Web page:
The paper argues that MSIs are well-positioned to offer guidance to governments considering human rights legislation, and offers criteria for establishing which MSIs should be enlisted in the effort
A new white paper released today finds that multi-stakeholder initiatives (MSIs) are critical for the protection of labor rights in supply chains across the world, and makes recommendations to ensure they are effectively involved in helping governments craft human rights legislation. The paper, “Seeking a ‘Smart Mix’: Multi-Stakeholder Initiatives and Mandatory Human Rights Due Diligence,” offers critical guidance and expertise for governments working to curb labor abuses through the adoption of mandatory human rights due diligence (mHRDD) laws. The paper is from the NYU Stern Center for Business and Human Rights and the Geneva Center for Business and Human Rights at the University of Geneva’s School of Economics and Management.
The paper asserts that strong MSIs—those that bring together civil society groups, labor unions and companies to set and enforce labor standards in supply chains—are critical for the implementation of mHRDD by governments around the world. It insists that these MSIs should serve as an essential substantive resource to national governments and supranational bodies, like the European Union, that have the power to set and enforce adequate labor standards, and the responsibility to do so. The paper recommends that governments pursuing mHRDD legislation turn to MSIs to inform and provide guidance on legislative requirements. Without this guidance, workers in global supply chains will remain highly vulnerable.
Recognizing that not all MSIs are created equal, the paper identifies a “typology” of five requirements that all MSIs should follow. It concludes that MSIs that abide by all five requirements should be seen as a reliable resource for governments and policymakers:
1.) Governance: The governing bodies of MSIs should reflect all relevant stakeholders—civil society, labor and companies—and give each of them equal decision-making power.
2.) Standards: All standards and benchmarks set by MSIs should accord with international law and be informed by relevant industry-specific technical expertise.
3.) Monitoring: All benchmark metrics set by MSIs must be established with independent monitoring mechanisms in place to ensure compliance.
4.) Penalties: Rules and benchmarks set by MSIs must be mandatory and sanctions must be enforceable for violations, with an escalating scale of penalties, all the way up to expulsion.
5.) Transparency: MSIs must demand a reasonable degree of transparency from companies to ensure they are accountable to the public.
The paper identifies several distinct benefits of MSIs that fulfill each of these requirements, including that they serve as a venue for shared expertise and good-faith experimentation on solutions; they help develop ambitious but practical labor standards that enjoy legitimacy across diverse stakeholders; and they offer tangible incentives for companies to comply with standards they help create. Based on these benefits, the paper recommends that governments in the U.S., Europe and elsewhere turn to MSIs that fulfill these criteria for guidance in crafting new mHRDD legislation, such as the EU Directive on Mandatory Human Rights, Environmental and Good Governance Due Diligence.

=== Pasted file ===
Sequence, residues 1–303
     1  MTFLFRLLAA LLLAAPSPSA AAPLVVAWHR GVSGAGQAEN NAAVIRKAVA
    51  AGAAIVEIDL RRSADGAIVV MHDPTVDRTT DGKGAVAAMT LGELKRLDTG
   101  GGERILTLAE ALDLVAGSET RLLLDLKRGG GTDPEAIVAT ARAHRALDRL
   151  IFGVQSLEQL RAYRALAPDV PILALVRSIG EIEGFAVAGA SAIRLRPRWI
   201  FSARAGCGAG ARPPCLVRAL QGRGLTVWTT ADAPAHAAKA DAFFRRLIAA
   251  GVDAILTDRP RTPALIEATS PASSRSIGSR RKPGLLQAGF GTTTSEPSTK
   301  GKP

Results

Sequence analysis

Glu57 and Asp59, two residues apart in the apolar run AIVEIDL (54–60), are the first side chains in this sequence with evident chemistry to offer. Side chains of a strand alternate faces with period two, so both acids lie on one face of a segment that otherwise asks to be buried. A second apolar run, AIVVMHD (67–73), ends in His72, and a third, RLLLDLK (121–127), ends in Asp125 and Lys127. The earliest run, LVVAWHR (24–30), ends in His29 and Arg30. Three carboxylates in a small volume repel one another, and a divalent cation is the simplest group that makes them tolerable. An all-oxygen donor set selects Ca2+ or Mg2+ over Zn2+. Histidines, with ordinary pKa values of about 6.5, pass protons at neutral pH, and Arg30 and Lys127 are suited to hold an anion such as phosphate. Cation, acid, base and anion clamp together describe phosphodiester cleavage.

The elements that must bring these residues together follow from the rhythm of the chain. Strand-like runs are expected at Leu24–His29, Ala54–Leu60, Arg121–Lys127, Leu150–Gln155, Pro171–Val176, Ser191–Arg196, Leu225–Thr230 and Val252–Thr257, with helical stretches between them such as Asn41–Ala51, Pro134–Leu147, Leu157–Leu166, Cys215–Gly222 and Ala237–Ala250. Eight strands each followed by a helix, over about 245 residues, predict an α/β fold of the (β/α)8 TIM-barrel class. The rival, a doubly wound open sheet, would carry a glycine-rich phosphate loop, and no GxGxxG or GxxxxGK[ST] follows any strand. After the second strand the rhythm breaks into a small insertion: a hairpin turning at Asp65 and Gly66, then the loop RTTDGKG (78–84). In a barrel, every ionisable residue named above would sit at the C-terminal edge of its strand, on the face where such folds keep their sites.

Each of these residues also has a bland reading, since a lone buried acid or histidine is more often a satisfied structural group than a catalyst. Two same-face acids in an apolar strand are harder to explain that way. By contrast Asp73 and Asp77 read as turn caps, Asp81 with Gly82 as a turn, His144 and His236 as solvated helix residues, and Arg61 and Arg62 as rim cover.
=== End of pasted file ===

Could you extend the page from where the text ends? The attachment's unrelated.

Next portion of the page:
“Mandatory human rights due diligence is emerging as a powerful tool that is being adopted by European governments to ensure that fair labor standards are upheld in our increasingly complex global supply chains,” said Dorothée Baumann-Pauly, director of the Geneva Center for Business and Human
Rights and co-author of the paper. “However, in order to be effective, mHRDD policies must be accompanied by concrete standards that clarify governments’ expectations of companies under their jurisdictions—that’s where multi-stakeholder initiatives come in. Across different sectors, MSIs are a key means of ensuring that these standards are clear, defined and enforceable.” “As the EU moves to adopt arguably the world’s strongest labor rights protection regime with the passage of the Directive on Mandatory Human Rights, Environmental and Good Governance Due
Diligence, other governments around the world are likely to follow suit,” said Isabelle Glimcher, litigation associate at Debevoise & Plimpton LLP and co-author of the paper. “In this era of increasing enforcement of human and labor rights standards, it’s critical that mHRDD legislation be informed by input from those closest to the issue—MSIs with truly representative decision-making bodies. By relying on MSIs that fulfill all of the criteria outlined in our paper, governments can help ensure we make meaningful progress on labor standards for workers and companies.”